“We have tried to be as transparent as possible around the issue of cost whilst not wanting to reveal to any of our competitors the secrets of Leeds’ bid!
“We know especially in these testing times that every penny counts but the experience of previous host cities shows us that successful bids attract funding from a whole range of individuals and organisations who are all keen to get a piece of this exciting once in a generation city event.”
Leeds will battle it out with other UK cities to host the title in eight years’ time, however the city has been the only one so far to openly state its case for 2023.
COST OF PUTTING ON A YEAR OF CULTURE
The council would be expected to commit to spending a minimum of 20 million Euros - around £14m at current rates - to put on the year of events.
However the authority is pledging to pursue “a range of funding streams and avenues” to meet the costs of hosting the title.
These would be likely to include Arts Council England, Lottery distributors, private sector sponsorship (local and national) trusts and foundations, LEP European funding, earning income and philanthropy.
The city’s universities have already pledged financial and in-kind support.
The University of Leeds will provide £75,000 a year for the next three years through the bid process.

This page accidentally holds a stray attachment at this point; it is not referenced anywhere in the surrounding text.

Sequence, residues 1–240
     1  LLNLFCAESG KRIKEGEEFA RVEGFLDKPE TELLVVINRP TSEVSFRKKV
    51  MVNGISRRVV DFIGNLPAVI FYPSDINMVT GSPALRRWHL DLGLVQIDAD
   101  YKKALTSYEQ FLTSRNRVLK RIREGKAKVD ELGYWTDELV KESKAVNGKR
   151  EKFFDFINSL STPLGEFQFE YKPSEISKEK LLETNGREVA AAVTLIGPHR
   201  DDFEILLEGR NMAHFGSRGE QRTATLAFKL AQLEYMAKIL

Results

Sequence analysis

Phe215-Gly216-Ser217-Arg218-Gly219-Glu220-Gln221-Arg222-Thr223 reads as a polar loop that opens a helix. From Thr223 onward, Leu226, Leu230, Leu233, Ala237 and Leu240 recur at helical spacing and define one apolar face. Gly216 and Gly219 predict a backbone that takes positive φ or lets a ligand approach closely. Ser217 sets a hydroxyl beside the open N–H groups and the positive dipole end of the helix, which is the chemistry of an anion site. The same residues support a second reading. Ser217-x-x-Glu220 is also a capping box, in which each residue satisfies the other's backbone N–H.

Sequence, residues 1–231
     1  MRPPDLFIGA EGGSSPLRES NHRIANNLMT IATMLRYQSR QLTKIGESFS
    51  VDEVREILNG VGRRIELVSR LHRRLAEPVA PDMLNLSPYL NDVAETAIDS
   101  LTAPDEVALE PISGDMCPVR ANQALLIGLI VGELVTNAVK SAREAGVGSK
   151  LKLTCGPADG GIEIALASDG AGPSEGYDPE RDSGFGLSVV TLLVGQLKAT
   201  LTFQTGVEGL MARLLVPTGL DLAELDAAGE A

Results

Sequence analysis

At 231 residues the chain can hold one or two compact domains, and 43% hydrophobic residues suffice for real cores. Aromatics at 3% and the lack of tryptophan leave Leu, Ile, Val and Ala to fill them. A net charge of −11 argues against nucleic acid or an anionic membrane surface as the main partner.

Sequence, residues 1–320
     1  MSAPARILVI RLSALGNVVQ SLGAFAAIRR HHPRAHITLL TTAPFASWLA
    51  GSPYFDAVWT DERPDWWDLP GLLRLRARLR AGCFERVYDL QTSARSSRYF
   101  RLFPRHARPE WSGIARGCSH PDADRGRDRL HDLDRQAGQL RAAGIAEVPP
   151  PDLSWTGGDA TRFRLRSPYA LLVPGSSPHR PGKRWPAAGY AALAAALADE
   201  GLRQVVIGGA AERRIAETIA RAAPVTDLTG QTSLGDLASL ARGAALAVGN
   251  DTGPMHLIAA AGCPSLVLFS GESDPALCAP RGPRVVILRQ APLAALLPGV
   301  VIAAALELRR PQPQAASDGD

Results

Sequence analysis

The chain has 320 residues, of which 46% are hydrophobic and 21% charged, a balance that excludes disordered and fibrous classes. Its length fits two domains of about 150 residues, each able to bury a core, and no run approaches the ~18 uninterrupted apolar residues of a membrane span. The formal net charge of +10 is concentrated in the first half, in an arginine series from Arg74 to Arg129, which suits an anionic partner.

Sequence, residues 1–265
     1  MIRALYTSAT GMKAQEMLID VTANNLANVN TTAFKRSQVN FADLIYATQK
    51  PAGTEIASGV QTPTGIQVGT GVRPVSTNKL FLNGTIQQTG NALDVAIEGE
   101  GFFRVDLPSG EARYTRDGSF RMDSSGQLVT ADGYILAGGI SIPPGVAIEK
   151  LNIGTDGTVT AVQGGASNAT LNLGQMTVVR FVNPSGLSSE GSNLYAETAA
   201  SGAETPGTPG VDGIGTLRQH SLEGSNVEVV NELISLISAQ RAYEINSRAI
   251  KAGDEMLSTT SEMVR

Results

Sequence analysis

Leeds Beckett University will donate the expertise of staff who are already experienced in bidding for European cultural funding.
THE PASSION WAS EVIDENT FROM THE START...BUT THE REAL WORK BEGINS NOW
It all started with what could easily have been interpreted as a pie in the sky talking shop.
But from the day the idea of Leeds aiming for the prestigious title was launched at a meeting at the Town Hall more than a year ago, bid fever has gripped large swathes of the city and its artistic communities.
The passion was evident from the early discussions, as culture vultures, creative people and decision-makers sat around tables and shared their love for the city’s vast theatrical, artistic, musical and literary offerings.
In many ways, the point we have now reached seemed inevitable. But as councillor Lucinda Yeadon pointed out, “we are not counting our chickens”.
She said there would be a focus on using the available time to build partnerships and secure funding support,
Cluny MacPherson, chief officer for culture, said the city now has 18 months to start writing the bid, and sort out the “nitty gritty”, which includes drafting a brand new cultural strategy.
But he stressed that as much as winning the accolade, it was about “telling the city’s story - and where we are going”.
“This has to be something for the whole of Leeds,” he said.
Many of the city’s cultural institutions have already pledged their support for the bid, including the big hitters and scores of grassroots arts groups.
Mark Skipper, chief executive of Northern Ballet, said very few cities in the UK could rival Leeds’s rich cultural offerings.
Backing the bid was a “no lose situation”, he added, and the process alone would do a huge amount to improve the city’s international image.
He said Northern Ballet had come to Leeds almost 20 years ago because of the promise of its vibrant artistic scene, and that promise had delivered in abundance
He added Leeds’s “phenomenal wealth” of cultural offerings was unrivalled by any other UK city apart from London.